Sue Burke is a sophisticated storyteller and Semiosis intrigues from start to finish. It’s fundamentally a first contact story but it’s largely character-driven, complemented by the beautiful descriptions of the other life forms on Pax. The human settlers – Pacifists – constantly remind each other that it is they who are the aliens and it is up to them to try and make peace with the exotic life around them but everything in this wonderful novel is strangely curious, occasionally terrifying and often gorgeous. The themes are huge! There’s a great deal going on to think about and, as the clever novel continues, one character in particular tests everybody’s ability to understand the signs and symbols around them – the semiosis that is so crucial on Pax if society is to evolve. It is all absolutely fascinating and thoroughly engaging.

The Seven Deaths of Evelyn Hardcastle by Stuart Turton

Raven Books | 2018 (8 February) | 528p | Review copy | Buy the book

The Seven Deaths of Evelyn Hardcastle by Stuart TurtonWhen Aiden Bishop comes to his senses, he is standing in a wood, wearing a dinner jacket splattered with mud and wine, and he has absolutely no idea who he is or where he is. All he knows is that he must save Anna, a girl he can hear running in panic through the trees. But this is the story of Evelyn Hardcastle. Tonight she will die and the night after that she will die again, and the one after that. Until Aiden Bishop can break the cycle. But on each of those days Aidan will inhabit the body of a different person, each a guest at a weekend party being held at the isolated and unhappy house of Blackheath. But somebody is determined that Aiden will never be successful, that he shall never leave, and Evelyn will be doomed to die every night forever more.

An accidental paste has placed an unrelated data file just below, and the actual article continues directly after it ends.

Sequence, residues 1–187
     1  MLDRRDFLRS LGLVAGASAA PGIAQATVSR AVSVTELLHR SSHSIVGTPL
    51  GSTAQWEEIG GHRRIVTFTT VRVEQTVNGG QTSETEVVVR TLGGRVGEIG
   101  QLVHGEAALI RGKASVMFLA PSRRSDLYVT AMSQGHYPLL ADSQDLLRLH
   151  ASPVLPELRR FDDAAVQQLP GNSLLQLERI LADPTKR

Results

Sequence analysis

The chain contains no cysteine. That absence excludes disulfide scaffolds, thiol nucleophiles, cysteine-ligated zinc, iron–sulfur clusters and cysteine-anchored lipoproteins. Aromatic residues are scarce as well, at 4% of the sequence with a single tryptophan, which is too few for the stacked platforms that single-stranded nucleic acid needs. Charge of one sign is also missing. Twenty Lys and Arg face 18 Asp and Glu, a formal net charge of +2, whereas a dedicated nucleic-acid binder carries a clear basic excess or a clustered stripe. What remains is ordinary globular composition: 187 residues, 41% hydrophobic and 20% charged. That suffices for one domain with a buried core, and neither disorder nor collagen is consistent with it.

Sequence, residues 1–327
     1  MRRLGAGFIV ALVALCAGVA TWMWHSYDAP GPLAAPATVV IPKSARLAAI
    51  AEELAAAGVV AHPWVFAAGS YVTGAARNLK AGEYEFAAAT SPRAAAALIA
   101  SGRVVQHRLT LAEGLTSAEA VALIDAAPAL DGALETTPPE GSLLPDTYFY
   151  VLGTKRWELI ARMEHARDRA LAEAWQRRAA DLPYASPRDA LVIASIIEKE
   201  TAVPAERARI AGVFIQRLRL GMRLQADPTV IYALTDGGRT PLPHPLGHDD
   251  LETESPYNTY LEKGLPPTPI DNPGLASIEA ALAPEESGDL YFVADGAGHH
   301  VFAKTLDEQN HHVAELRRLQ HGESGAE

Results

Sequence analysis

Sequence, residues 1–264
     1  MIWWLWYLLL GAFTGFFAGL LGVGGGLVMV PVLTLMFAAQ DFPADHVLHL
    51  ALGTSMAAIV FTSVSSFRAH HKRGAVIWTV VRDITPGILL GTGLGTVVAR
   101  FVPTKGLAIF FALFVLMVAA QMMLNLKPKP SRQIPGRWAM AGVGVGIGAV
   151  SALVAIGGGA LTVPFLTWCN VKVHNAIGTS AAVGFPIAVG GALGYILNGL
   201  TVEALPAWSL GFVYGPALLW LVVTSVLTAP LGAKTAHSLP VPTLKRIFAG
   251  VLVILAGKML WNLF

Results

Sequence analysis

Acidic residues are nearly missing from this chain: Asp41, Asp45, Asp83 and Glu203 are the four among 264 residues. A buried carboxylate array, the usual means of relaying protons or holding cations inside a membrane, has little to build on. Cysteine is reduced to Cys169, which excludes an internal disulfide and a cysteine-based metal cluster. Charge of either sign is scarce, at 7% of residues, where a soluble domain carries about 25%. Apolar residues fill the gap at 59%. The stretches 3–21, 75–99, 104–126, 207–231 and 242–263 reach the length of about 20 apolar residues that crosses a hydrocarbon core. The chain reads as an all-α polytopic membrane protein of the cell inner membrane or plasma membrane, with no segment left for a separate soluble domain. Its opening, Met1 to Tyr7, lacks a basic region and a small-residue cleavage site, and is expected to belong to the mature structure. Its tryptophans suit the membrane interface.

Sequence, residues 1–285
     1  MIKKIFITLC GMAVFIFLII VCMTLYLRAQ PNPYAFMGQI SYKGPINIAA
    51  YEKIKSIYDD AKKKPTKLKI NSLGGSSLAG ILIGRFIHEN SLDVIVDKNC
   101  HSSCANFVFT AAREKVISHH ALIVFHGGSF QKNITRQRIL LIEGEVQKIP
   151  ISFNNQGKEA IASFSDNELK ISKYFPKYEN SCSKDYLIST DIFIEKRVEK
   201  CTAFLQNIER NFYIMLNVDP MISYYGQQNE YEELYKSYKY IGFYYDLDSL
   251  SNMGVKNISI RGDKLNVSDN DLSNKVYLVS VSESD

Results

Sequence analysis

And that, which is what you can also learn from the book’s cover and blurb, is all I will reveal about the astonishing plot of The Seven Deaths of Evelyn Hardcastle. In fact, it barely does it justice because this is one of the most deliciously complex, multi-layered and clever plots that I have ever read. How the author Stuart Turton managed to knot this all together is a feat beyond all comprehension. Not an end – and there are countless ends – is left loose. The author’s powers of imagination, which are substantial, are equalled by his confident and self-assured handling of a plot and structure that must at times have felt like juggling cats. I am in awe of Stuart Turton’s genius.